More than 360 leaks of sensitive information to the press have occurred from within the eurozone’s central banks over a 20-year period, the European Central Bank said on Friday, as it called on markets to ignore reports based on them.
After trawling through stories by financial news wires Bloomberg, Reuters and MNI, ECB research found 368 stories based on leaks from central bank insiders between 2002 and 2021. However, the research said, while leaks often move markets more than public statements by rate-setters, they were unreliable indicators of future decisions and should be treated with caution.
“Looking back after the decision is made, preceding leaks usually did not move market rates closer to the actual policy outcome,” the officials said. “Our findings suggest that market participants would be well advised to ignore such unattributed communication in most cases.”
ECB president Christine Lagarde has tried to reduce leaks since taking over from Mario Draghi in November 2019 by urging fellow rate-setters to hold back from expressing dissent on policy decisions in the run-up to meetings or in their immediate aftermath.
The number of articles based on leaks from ECB insiders has declined since Lagarde took over, falling from a peak of 36 in 2019 to 22 in 2021, according to the research by officials from the ECB, the Austrian central bank and the Bank for International Settlements.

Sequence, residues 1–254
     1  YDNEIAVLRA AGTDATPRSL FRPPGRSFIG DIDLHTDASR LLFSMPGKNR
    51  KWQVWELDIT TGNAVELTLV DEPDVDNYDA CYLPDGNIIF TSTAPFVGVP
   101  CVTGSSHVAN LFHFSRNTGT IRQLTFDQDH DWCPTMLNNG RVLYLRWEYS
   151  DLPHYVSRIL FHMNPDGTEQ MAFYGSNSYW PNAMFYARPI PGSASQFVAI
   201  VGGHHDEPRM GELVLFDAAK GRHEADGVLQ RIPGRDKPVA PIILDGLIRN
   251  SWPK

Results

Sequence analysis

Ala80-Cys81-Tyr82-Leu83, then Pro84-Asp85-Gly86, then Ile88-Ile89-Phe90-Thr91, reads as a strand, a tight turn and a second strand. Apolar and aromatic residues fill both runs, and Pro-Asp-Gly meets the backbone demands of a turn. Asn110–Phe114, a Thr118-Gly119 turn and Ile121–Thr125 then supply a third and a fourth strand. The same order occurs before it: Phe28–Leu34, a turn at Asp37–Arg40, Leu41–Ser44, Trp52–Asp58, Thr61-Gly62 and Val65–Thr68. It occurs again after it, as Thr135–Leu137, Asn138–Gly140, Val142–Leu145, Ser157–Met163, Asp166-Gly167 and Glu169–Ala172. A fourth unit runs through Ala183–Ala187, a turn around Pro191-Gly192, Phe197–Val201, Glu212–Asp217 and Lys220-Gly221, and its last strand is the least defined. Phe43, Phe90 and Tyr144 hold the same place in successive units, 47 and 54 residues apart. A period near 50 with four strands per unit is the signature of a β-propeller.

The officials found there had recently been a “substantial increase” in leaks following policy meetings of the ECB’s main rate-setting governing council, which had often weakened the message delivered in the official announcement.
Many of those meetings have resulted in controversial decisions. Draghi clashed with several of the governing council’s more hawkish members, including the Dutch, German and Austrian central bank heads who act as rate-setters.
“Leaks are more frequent when the policy debate is more controversial — when there may be significant disagreement among policymakers,” the officials said.
The most controversial decision in recent years was after it cut rates for the last time and restarted bond purchases at one of the former final meetings in September 2019. The decision prompted a flurry of public and private criticism from rate-setters, some of whom felt they had been cornered by Draghi into accepting the decision.
Lagarde has adopted a different leadership style to Draghi, opting to rally rate-setters around a decision and then explain it, rather than leading from the front and expecting others to follow.
Despite stories based on leaks often reflecting minority views and “generally” not providing reliable information about upcoming policy decisions”, they did move markets.
Looking at movements every 35 minutes in the overnight indexed swaps market, in which investors bet on interest rate moves, the researchers found that leaks caused prices to move 60-95 per cent more than normal. They also said leaks moved markets 15-30 per cent more than average public statements by ECB governing council members.
Leaks “often reverse earlier market trends in short-term rates” by going against the public expectations for policy decisions. Often public statements by rate-setters “mitigate the impact of leaks” by reversing some of their market impact.
The officials said leaks “do not have a substantial effect on policy decisions and usually do not reduce policy flexibility”. They added that “many leaks just add noise to the debate and volatility to markets”.
Read the full article here